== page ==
Supply teachers are not to be envied. While they may be highly qualified in a particular subject, they re often sent in to teach classes they are not familiar with and doing so without the necessary training.

Over the past several years, similar scenes have been repeating themselves in Iraq and Afghanistan, where Western troops have been training local armed forces. While competent in combat, the military instructors have essentially been functioning like supply teachers: teaching without the necessary educational background, and only for a limited period of time.

Now the United States and the United Kingdom are addressing the issue: both countries are pioneering Teacher Corps. Other countries should follow their example.

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Both Iran and the United States have been pushing Iraq and the KRG to normalize their relationship, but Baghdad’s maximalist approach means the KRG is likely to hold out until after the May 2018 elections to make a deal.

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Following the 2005 election of Iraq’s National Assembly, the winning Shia Islamist coalition selected Ibrahim al-Jaafari, then a senior leader in the Dawa party, for the position of Prime Minister in the transitional government. Dawa is the oldest Shia Islamist party, but not the largest. Competing groups within the Shia alliance selected a member in the party for the position to sustain minimal unity, which was threatened by the fierce competition between the Islamic Supreme Council of Iraq (ISCI) and the Sadrist movement.

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Connecting 2017’s political and military missteps to 2018’s global economic outlook

The shift toward nationalist populism, demonstrated by the sweeping political changes around the world in 2017, has throughout history been a harbinger of global instability and conflict, and could directly affect both the international security landscape and global economy in 2018.

Looking back, it is hard to believe how quickly the geopolitical landscape has changed in just one year.  Through 2017, elections all over the world brought new forces to power, challenged the political establishment, introduced new tensions into global politics, and exacerbated old ones.

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As 2017 closes, so does the physical “caliphate” of a pseudo-religious criminal enterprise known by the names ISIS, ISIL, Daesh, and Islamic State. But killing the caliphate is only step one. Keeping it dead will be a generational struggle.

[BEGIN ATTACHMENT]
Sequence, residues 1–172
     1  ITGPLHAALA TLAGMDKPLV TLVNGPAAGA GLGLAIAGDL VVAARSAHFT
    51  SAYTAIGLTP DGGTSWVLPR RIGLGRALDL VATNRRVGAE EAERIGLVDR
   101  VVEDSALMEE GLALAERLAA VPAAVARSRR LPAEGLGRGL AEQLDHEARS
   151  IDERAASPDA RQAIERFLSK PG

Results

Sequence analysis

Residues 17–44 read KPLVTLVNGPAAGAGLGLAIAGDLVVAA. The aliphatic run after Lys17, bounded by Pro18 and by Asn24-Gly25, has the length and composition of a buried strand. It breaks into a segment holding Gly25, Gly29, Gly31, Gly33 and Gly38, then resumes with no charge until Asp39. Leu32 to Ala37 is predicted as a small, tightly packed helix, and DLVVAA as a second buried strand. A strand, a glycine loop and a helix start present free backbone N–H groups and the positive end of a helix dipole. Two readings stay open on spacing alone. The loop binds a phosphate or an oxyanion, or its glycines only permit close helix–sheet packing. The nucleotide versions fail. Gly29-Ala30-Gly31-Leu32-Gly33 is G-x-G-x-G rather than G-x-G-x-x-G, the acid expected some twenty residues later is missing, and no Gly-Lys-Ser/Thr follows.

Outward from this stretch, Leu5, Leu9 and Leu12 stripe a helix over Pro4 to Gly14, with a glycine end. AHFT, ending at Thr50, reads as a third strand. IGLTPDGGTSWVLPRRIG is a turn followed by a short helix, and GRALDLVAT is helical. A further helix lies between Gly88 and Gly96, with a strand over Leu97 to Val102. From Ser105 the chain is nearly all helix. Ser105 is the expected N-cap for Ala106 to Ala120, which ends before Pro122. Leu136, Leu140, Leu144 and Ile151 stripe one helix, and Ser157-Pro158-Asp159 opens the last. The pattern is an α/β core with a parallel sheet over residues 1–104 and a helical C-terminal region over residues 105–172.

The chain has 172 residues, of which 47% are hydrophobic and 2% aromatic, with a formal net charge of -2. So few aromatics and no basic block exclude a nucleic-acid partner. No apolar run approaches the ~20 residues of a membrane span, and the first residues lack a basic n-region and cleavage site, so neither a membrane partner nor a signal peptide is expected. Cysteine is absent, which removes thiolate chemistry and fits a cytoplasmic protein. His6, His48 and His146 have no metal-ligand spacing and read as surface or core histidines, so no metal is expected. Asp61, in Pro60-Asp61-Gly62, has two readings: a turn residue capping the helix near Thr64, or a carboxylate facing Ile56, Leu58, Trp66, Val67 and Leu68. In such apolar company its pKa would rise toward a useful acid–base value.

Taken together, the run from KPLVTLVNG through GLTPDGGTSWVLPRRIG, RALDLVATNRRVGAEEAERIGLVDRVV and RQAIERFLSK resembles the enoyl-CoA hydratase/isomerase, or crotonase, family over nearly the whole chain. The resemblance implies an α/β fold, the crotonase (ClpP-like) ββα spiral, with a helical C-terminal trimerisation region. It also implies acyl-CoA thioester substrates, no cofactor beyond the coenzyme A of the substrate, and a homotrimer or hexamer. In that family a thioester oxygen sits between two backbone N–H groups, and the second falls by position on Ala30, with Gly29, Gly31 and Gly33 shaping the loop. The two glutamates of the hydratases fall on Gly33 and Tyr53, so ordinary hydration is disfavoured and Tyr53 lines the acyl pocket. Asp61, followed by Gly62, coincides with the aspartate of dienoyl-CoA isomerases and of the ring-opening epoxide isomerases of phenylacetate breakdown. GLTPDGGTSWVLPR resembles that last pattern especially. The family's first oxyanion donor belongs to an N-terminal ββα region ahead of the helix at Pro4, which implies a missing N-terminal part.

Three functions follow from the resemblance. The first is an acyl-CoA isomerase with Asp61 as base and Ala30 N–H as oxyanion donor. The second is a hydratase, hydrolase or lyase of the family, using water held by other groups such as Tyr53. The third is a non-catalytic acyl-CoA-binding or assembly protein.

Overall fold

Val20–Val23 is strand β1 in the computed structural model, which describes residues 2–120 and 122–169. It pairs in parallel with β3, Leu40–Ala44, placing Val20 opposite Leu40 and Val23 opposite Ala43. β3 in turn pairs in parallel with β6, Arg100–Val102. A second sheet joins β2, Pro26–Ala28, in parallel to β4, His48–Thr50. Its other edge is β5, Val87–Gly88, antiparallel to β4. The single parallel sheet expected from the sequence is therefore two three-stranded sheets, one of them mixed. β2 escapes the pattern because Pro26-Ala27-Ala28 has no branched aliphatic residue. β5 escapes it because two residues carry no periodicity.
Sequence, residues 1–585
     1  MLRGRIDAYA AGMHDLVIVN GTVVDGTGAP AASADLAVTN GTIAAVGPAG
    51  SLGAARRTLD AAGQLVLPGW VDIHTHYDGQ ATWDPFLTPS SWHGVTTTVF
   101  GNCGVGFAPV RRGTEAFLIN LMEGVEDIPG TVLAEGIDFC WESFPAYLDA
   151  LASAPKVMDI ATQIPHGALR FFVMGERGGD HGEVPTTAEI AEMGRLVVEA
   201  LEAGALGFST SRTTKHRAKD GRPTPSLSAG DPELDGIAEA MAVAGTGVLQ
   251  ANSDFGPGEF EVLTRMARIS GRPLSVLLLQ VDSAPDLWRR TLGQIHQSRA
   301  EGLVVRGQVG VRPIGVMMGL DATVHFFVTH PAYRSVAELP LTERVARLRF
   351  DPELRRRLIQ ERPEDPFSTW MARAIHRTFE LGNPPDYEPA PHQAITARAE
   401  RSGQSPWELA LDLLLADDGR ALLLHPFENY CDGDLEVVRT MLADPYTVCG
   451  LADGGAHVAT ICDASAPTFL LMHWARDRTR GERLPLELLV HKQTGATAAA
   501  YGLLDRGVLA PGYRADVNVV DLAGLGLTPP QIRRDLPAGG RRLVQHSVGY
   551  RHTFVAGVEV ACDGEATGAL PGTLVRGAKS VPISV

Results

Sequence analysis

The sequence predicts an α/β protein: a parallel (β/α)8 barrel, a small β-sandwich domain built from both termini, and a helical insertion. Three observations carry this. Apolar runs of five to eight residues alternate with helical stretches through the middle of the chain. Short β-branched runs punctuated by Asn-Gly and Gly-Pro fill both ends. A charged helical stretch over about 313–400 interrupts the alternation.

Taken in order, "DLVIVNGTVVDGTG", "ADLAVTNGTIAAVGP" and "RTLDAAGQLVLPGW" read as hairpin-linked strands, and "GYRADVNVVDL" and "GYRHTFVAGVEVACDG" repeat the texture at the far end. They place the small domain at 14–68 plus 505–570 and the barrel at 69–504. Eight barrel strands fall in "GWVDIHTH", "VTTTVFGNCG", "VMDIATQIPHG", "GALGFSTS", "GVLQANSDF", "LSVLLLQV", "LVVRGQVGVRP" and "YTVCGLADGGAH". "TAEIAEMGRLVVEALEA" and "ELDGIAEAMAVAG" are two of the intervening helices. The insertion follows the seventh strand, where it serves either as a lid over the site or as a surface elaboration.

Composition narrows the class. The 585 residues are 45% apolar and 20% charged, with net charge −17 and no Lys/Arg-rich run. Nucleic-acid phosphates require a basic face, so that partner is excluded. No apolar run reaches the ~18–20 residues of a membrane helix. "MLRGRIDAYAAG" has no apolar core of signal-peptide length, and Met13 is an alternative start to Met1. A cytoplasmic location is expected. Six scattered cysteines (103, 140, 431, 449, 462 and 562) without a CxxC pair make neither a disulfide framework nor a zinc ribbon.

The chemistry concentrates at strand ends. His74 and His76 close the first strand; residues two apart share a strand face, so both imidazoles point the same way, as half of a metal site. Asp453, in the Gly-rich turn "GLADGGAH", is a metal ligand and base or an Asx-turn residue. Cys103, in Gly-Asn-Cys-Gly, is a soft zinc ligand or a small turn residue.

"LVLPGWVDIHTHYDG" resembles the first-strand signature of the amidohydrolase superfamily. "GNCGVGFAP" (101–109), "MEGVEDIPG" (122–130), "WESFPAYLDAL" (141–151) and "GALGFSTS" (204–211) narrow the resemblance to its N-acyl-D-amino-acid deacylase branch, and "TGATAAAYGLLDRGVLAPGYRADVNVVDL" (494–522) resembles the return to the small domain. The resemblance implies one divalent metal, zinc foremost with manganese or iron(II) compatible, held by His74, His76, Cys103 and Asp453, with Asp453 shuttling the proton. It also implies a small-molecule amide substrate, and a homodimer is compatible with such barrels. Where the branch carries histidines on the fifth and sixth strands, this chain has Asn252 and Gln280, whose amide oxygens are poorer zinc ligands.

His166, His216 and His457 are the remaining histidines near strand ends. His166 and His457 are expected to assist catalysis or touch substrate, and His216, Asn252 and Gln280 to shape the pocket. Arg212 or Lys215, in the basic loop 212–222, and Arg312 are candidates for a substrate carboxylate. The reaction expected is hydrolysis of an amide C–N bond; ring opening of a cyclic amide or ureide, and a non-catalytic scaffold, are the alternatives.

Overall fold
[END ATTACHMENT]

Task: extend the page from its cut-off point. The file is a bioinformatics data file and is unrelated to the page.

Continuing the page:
Rooted in al-Qaeda in Iraq (AQI) and supplemented by pro-Saddam Hussein Iraqi Baathists, ISIS seized the Syrian city of Raqqa from Syrian rebels in 2013 and, from there, invaded Iraq in 2014. For over three years an American-led military coalition has sought to degrade and destroy a ruthless collection of murderers, rapists, thieves, and terrorists; a band of criminals drawn from the dregs of the Sunni Arab world seeking to mask crude depredations by purporting to act in the name of Islam.

The Islamic State of Iraq and al-Sham (ISIS) and other brands of murderous extremism are the results of political illegitimacy. Legitimacy exists when there is societal consensus that a political system is right and just: consensus reflecting the consent of the governed. Legitimate systems can survive incompetent presidents, prime ministers, and kings. Illegitimacy reflects consensus that the system is rotten and merits destruction. Unless sustained by violent coercion, an illegitimate political system can open a governance vacuum. ISIS is a vacuum-filler.

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Diplomatic negotiations with "no preconditions" will be the US approach to solving the problem of North Korea, while working in concert with friends and allies, US Secretary of State Rex Tillerson said at the Atlantic Council on December 12.

“We’re ready to talk any time North Korea would like to talk,” said Tillerson, “and we’re ready to have the first meeting without preconditions.”